LONG BEACH – Faculty and students from several CSUs made speeches and expressed their concerns about budget cuts, and low-paid faculty salaries at the Board of Trustees meeting Feb. 1.
Over 100 people, including members of the California Faculty Association, attended the rally.
Jon Luskin, senior sociology major, attended the meeting to represent the 30,000 students from CSUN.
With not enough computers for the students at the library and the lack of software, CSUN students in Sociology Department were frustrated during finals because there are not enough computers available for students to use during finals, Luskin said.
The computer lab is very limited to the students, Luskin added. In Fall 2005, he said the lab was open only two hours a day, five days a week.
“Here is a stack of paper for (President) Koester, so she can use it,” Luskin said, raising his concern of the lack of materials in his department’s computer labs.
The Board of Trustees’ responsibility is to help meet students’ needs, he said.
Matthew Waters, a sophomore history major, also attended the CFA rally.
“It seems that they are making us pay for more stuff,” Waters said.
“Because the budget cut, I couldn’t get into one of my classes,” he said. “There are not enough classes to enroll. I have to wait until next year, because they don’t offer them in the summer.”
John Travis, CFA president, expressed similar sentiments.
Travis added the trustees are not asking the governor and Legislature for much funds for the CSU, “We need more resources now than we had in the 2001-2002 year,” Travis said.
Last semester, for the first time in three years, the faculty received a 3.5 percent raise for the year 2005-2006, Travis said.
For the last three years, faculty did not received any raises, but “executives got a 13.7 percent increase, plus housing allowance,” Travis said.
Travis also said the high costs of housing living in California is creating a problem for the CSU in hiring professors.
“It’s cheaper to buy a house, if you go somewhere on the East Coast,” Travis said.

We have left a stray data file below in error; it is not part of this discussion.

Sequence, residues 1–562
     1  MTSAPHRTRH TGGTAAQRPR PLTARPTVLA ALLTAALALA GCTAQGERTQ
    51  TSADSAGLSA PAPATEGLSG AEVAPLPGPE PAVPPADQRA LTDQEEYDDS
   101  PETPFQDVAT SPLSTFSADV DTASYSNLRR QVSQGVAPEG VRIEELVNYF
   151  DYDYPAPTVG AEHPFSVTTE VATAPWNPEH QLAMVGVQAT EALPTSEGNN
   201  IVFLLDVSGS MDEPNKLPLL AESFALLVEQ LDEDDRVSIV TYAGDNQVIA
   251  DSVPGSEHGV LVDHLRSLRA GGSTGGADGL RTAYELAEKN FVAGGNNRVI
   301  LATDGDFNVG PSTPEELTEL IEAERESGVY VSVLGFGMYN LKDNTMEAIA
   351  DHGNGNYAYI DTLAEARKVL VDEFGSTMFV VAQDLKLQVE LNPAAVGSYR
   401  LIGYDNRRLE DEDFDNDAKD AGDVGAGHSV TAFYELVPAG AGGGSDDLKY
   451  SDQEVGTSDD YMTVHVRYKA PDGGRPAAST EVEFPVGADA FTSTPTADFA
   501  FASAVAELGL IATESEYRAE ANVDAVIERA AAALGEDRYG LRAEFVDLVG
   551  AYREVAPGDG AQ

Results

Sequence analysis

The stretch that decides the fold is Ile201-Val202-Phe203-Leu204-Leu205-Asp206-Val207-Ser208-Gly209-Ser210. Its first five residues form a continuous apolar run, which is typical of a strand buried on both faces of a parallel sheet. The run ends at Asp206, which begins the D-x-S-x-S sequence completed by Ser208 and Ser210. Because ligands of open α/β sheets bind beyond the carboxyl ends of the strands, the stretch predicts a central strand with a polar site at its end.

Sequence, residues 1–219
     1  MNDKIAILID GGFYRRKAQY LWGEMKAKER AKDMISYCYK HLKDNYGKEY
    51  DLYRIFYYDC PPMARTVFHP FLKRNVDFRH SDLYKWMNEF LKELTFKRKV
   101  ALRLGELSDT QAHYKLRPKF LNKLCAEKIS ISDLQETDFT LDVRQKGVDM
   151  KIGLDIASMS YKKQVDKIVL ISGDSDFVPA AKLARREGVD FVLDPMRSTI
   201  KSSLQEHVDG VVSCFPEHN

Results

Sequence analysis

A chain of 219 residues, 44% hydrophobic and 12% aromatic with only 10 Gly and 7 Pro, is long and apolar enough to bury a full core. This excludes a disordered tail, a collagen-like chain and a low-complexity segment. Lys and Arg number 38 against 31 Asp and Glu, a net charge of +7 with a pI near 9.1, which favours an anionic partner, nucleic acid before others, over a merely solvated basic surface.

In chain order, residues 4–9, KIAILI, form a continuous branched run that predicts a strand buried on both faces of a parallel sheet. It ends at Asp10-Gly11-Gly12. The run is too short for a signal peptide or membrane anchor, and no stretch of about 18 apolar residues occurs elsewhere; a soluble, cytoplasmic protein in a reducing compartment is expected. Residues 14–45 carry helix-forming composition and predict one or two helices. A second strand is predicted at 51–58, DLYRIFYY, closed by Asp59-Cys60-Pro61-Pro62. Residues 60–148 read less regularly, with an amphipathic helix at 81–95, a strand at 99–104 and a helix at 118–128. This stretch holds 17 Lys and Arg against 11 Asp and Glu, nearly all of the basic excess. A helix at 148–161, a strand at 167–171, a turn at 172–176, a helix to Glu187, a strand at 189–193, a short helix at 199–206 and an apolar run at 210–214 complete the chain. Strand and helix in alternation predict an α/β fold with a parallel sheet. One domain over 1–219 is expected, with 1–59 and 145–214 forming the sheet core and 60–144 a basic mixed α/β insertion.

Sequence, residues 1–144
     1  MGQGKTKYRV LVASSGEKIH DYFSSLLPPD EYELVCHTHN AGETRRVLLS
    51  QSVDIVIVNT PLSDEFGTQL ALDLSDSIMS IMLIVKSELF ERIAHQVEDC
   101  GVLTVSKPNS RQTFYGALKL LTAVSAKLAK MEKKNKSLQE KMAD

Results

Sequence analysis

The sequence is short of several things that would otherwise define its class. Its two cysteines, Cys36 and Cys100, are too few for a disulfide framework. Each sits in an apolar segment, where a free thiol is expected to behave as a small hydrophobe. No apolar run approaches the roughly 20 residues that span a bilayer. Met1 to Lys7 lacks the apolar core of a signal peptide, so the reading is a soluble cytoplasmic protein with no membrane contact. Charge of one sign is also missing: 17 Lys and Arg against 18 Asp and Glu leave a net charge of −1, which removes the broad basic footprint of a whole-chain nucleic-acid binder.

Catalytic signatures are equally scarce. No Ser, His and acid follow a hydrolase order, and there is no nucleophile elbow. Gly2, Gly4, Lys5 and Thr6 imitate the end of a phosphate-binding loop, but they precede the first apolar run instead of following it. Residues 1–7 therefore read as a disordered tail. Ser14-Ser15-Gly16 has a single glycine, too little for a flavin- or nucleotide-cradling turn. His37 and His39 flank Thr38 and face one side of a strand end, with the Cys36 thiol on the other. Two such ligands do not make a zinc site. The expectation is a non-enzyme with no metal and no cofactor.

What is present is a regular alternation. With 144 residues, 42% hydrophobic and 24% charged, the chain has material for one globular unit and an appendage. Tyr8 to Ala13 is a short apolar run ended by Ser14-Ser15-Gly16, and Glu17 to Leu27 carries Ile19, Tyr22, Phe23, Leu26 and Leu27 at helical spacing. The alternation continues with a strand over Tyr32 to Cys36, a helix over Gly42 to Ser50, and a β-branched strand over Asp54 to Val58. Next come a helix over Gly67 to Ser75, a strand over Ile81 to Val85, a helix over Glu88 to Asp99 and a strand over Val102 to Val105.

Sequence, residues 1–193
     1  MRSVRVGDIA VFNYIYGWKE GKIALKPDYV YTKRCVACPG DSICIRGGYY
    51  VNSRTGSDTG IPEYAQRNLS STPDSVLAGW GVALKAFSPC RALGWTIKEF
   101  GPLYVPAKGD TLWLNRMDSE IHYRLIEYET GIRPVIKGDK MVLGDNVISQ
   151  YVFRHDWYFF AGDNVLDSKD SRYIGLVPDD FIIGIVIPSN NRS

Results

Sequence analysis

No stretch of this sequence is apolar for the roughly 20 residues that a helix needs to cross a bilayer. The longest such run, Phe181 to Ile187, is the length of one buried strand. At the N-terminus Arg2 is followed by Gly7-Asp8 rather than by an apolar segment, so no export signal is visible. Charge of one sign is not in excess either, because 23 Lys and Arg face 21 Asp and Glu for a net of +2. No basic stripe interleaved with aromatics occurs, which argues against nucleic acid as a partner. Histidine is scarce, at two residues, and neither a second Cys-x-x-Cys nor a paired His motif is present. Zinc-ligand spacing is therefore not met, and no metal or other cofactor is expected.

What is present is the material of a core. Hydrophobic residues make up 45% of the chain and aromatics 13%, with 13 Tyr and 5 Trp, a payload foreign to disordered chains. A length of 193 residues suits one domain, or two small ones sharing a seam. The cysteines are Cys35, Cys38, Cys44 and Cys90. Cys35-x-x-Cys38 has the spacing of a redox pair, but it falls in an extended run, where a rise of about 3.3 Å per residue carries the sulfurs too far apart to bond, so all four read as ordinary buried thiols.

James Ballard, a sociology professor who is also president of CFA Chapter at CSUN, said the one of the main issue faculty faces is that the CSU has traditionally paid faculty little.
Ballard said there were several goals that needed to be presented to the CSU Board of Trustees and CSU Chancellor Charles Reed.
The concerns included raising student fees, recent salary increases for CSU executives, and the lack of progress in bargaining the new faculty contracts, Ballard said.
The CFA is bargaining for more faculty, so more open classes will open up to allow students to graduate on time, he said.
“Many new professors have a difficult time when they first start out,” Ballard said.
Cutting classes and not having enough professors is a serious problem for students, he said.
“We have less time to teach, less time to work with students,” he added. If there are not many faculty, it creates a problem, because those full-time faculty, besides teaching ? have to work on other activities and even programs that create classes.”
In response to the CFA rally, Cruz Bustamante lieutenant governor, gave recognition to students and faculty, adding that he was impressed with their speeches.
“The amount of teaching in the CSU (continuous) to be what (we) believe is good, Bustamante said.
“We can never forget that the magic of education is in the classroom,” he said.
Gabriela Gonzalez can be reached Gabriela.p.Gonzalez@csun.edu.